The nervous system is the part of the body responsible for the coordination of the actions and behaviours. It does this by using a complex network of nerves and cells responsible to transmit messages between the brain, the spinal cord and the other parts of the body. The cells responsible for this function are called neurons and have properties that allow them to transmit very rapid and precise signals to the other cells in the body.
Nervous systems are present in most multicellular animals, with the exception of the sponges and very small “bloblike” organisms. Nonetheless, it varies a lot in complexity between the animals. Just like humans, animals are born with a fixed number of neurons. One characteristic of the neurons is their inability to divide or multiply, resulting in progressive loss as the animal gets old. This is usually the result of natural ageing processes, but in some cases, neurons can be destroyed at a faster rate than normal resulting in neurodegenerative diseases. These are debilitating and incurable pathologies characterized by a progressive and irreversible destruction of the neurons.
With the exception of the elephant, humans have the largest number of neurons in their body (approximately 100 billion), followed by gorillas (33 billion) and chimpanzees (22 billion). Cats and dogs have approximately 800 and 160 million neurons, respectively.
Recently, the incidence of neurodegenerative diseases has been rising both in humans as well as in domestic animals. This is mainly the result of the new scientific advances in medicine and subsequent increase in life expectancy. But not all neurodegenerative diseases occur in the elderly. Some are hereditary and can affect predominantly young animals and children.
At present, there is no cure for these diseases and the only therapies available are designed to delay cell death and slow down disease progression. Consequently, early detection of the symptoms is of paramount importance to prevent disease progression. Nonetheless, the diagnosis becomes more difficult in animals, given that the symptoms are less obvious than in humans.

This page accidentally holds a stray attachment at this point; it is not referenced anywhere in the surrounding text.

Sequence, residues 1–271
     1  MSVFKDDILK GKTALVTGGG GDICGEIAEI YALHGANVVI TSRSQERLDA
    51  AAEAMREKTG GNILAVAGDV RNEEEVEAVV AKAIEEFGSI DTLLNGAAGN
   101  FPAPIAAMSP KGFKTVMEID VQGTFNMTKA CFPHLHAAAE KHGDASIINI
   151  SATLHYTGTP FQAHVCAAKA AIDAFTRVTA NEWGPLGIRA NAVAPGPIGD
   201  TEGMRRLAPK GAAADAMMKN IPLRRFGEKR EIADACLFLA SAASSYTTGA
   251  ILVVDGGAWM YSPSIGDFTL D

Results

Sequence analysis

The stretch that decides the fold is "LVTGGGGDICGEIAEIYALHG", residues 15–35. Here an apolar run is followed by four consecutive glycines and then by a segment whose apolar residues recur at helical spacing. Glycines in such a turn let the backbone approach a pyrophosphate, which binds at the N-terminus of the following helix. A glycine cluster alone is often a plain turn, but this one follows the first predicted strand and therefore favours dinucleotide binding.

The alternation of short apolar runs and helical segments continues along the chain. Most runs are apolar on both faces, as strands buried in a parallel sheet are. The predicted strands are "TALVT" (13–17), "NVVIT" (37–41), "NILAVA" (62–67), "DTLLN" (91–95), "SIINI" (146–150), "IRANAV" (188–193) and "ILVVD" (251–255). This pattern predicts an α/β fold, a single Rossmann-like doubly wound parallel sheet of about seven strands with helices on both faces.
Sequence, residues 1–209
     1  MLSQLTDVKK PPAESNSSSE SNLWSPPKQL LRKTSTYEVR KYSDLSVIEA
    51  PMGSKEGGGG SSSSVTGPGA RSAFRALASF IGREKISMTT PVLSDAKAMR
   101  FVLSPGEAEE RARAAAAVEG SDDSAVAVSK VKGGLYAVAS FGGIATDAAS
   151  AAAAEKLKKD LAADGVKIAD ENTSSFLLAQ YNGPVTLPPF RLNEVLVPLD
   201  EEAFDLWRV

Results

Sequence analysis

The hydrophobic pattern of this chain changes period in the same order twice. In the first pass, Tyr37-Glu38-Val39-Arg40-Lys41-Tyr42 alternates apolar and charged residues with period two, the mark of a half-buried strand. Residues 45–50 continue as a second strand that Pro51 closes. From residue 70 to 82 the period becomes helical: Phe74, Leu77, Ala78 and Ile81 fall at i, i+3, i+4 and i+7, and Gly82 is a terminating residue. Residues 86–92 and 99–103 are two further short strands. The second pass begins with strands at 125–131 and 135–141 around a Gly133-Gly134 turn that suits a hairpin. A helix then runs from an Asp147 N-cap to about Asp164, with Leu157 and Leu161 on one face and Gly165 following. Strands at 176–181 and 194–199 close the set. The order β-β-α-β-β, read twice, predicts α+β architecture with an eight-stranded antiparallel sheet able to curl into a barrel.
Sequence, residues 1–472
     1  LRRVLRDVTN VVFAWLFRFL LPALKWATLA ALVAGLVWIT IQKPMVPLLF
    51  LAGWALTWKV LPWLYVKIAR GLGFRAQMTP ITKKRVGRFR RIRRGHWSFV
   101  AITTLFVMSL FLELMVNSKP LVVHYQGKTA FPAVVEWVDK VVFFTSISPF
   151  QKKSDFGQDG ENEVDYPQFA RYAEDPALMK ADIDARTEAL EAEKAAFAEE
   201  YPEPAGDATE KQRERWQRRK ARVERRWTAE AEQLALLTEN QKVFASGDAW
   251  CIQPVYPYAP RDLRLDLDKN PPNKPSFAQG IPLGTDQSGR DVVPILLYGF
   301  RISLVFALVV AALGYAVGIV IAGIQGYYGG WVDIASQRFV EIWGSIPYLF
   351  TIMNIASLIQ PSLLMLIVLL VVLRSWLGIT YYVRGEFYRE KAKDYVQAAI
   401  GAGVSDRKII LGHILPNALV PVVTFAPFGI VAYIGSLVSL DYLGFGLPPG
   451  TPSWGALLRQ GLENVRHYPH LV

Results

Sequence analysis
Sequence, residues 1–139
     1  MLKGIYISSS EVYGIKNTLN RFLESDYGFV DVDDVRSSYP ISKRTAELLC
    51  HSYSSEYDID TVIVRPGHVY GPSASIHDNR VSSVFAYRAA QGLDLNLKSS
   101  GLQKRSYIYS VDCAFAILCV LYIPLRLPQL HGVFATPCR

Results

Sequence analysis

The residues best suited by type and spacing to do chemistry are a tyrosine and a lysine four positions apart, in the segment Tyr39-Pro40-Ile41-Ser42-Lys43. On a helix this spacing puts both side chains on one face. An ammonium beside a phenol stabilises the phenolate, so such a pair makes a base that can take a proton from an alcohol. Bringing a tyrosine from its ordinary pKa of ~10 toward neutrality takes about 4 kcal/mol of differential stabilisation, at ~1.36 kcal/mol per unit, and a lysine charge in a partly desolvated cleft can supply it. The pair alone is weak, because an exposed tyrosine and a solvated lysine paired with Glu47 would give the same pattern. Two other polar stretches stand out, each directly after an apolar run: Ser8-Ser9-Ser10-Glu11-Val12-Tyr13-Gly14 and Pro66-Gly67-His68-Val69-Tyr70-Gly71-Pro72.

Many neurodegenerative diseases are very similar between humans and animals. For instance, dogs and cats can often suffer from a type of dementia equivalent to the Alzheimer’s disease in humans called “cognitive dysfunction syndrome”. Just like in humans, this pathology tends to affect predominantly elderly animals and is a result of the accumulation of a toxic protein (beta-amyloid) in the brain. With the time, this neurotoxin form deposits that will cause changes in the brain and slowdown the mental function, resulting in alterations in behaviour and in the daily routines. The animals often lose memory and experience walking problems, incontinence, anxiety, aggressiveness, changes in sleeping patterns and disorientation in familiar places. Cats can also suffer from excessive night-time vocalization. Currently, it is not possible to stop or regress the progression of this disease and the treatments are designed solely to reduce the animal symptoms.
Equally, animals can suffer from a disease similar to Parkinson’s in the humans, characterized by tremors, difficulty in walking and balancing, muscle stiffness and slowness. Whist in humans this disease is more frequent in older people, in animals, this condition tends to affect mainly young animals. This is because in the animals, this is often a result of a hereditary condition, caused by a mutation in an important protein called dopamine. Dopamine is responsible to transmit the nervous signals, so once mutated, causes problems with the animal’s movement. Since all mammals produce dopamine, this condition can affect many species such as dogs, cats, horses, rabbits and monkeys. However, it is rare in older animals, because the majority of the species don’t live long enough to reach old age.
Finally, pets can also suffer from pathologies similar to the “multiple sclerosis” and “amyotrophic lateral sclerosis” in humans. In dogs, this is called “degenerative myelopathy” and is a genetic and progressive disease strongly associated with a mutation in a protein. Once mutated, the protein starts destroying the nerve cells, causing weakening of the hind limbs that can progress to total loss of limb function and incontinence. This pathology is most frequent in adult and large dogs, particularly breeds of Rotweiller, German Shepherd, Siberian Husky, Collie and Labrador, but it is rare in cats.
It is of paramount importance that the owners are aware and attentive to changes in behaviour and symptoms in their pets, to help dealing effectively with the problems that may arise from these pathologies, allowing a happier and healthier life.
Ricardo Ribas, PhD
Veterinary doctor, doctorate in veterinary sciences and researcher in the area of oncology